The Beauty of the Ordinary -- A melodrama? Percy Adlon doesn’t even think about turning
this story into a heavy drama. On the contrary: decisively, from the start, he unravels
the burlesque comedy. His trick: The main person isn’t one of the protagonists. Instead
it’s a place; to be exact, it is Jonathan’s warehouse… Then, all of a sudden, shines
on her [Davidovich’s] face what Adlon aims for in all his films: the beauty of the
ordinary. (Peter Buchka, SZ, DECEMBER 1993)
Percy Adlon’s latest American microcosm is set in a storage facility where the forgotten
and marginal mingle with the hoi polloi… His unique method of tackling everyday life
has been both the greatest strength and the most problematic aspect of his commercial
appeal. The helmer consistently elicits fine performances and creates distinctive
looks for his films. “Younger and Younger” is no exception. (Leonard Klady, VARIETY,
INTERNATIONAL VARIETY, August 9, 1993
By Leonard Klady
The iconoclast oeuvre of Percy Adlon expands by another unusual human comedy with
“Younger and Younger.” Superficially a family drama of an errant, philandering father,
the yard spins out from its simple premise into fantasy, music, black comedy and
innumerable offbeat digressions. It’s a mad, wild soufflé served up by actors at
the top of their form. Too many for the mainstream, it needs a carefully considered
campaign to ensure strong specialized results.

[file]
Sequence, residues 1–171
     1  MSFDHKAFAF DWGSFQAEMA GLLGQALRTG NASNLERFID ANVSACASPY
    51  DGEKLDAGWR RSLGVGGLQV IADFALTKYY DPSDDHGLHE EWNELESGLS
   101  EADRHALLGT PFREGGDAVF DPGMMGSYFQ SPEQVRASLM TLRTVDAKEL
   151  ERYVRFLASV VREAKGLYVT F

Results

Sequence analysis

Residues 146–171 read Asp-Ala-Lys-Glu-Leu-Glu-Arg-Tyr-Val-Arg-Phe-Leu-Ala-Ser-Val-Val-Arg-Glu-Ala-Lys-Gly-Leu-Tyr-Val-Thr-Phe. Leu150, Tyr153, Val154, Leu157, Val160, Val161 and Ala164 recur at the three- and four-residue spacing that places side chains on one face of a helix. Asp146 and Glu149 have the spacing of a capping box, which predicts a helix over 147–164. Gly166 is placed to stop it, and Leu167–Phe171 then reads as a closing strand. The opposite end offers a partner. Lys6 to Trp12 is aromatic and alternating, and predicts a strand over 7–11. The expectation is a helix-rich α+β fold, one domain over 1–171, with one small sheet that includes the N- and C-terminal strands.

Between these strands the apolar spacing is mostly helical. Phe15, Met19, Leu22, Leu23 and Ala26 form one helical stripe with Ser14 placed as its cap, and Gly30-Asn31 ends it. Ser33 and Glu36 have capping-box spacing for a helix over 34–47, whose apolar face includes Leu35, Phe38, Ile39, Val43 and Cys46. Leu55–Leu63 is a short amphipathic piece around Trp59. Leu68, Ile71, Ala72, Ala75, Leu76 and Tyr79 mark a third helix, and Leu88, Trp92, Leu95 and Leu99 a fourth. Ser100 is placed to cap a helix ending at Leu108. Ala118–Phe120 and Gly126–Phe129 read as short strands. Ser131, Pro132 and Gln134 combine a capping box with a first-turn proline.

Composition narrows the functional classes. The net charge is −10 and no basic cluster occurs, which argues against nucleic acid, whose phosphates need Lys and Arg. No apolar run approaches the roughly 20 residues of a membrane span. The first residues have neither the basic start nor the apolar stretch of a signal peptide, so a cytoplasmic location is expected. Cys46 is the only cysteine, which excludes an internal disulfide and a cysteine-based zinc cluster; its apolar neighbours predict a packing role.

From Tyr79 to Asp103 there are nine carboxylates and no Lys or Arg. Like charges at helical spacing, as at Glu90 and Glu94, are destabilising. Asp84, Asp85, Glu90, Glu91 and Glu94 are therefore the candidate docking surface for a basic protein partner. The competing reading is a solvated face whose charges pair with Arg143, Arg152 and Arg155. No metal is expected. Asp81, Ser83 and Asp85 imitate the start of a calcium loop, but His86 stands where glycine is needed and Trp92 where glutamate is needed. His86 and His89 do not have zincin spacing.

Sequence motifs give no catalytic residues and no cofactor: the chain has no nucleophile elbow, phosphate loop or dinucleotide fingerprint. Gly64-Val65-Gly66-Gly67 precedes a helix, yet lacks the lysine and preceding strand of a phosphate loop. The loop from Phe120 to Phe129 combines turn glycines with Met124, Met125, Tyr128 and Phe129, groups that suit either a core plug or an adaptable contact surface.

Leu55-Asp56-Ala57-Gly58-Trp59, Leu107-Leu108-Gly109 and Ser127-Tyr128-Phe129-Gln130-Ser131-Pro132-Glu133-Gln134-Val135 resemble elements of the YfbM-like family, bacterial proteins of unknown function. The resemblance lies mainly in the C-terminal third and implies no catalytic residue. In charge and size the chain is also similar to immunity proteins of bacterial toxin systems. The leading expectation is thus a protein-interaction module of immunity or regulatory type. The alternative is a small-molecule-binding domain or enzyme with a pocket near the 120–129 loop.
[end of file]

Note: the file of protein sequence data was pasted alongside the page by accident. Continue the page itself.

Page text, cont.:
While the film isn’t quite a bull’s eye, it is chockablock with intriguing elements
and echoes of Adlon’s earlier “Bagdad Cafe”. His latest American microcosm is set
in a storage facility where the forgotten and marginal mingle with the hoi polloi.
Jonathan Younger (Donald Sutherland) is the titular overseer of the activity. Comporting
himself in the manner of some exiled European royal, he greets both regulars and
new accounts as if they were entering some grand estate. He’s expert at providing
the illusion that the dark cubicles are the key attractions of an amusement park.
He is all artifice. The real work falls upon his dowdy, badly neglected wife, Penelope
(Lolita Davidovich). She abides his transgressions, his indolence and selfishness,
because she truly holds the reins.
Jonathan seems to care only about their son, Winston (Brendan Fraser) who is studying
economics in England. He dreams of Winston’s graduation and subsequent return to
carry on the family business.
Not one for conventional narrative, Adlon, who co-wrote the script with his son Felix,
dots the story with numerous subplots and colorful characters. Sally Kellerman and
Julie Delpy pop up as a mother and daughter who are the subject of media scrutiny
when Kellerman’s husband dies under curious circumstances.
There is also considerable attention given a pipe organ located in the bowels of
the establishment, rabbits and other flights of fancy.
Though free-flowing in the way he swings from drama into, for instance, a musical
production, Adlon eschews the cult and kitschy. His unique method of tackling everyday
life has been both the greatest strength and the most problematic aspect of his commercial
The helmer consistently elicits fine performances and creates distinctive looks for
his films. “Younger and Younger” is no exception.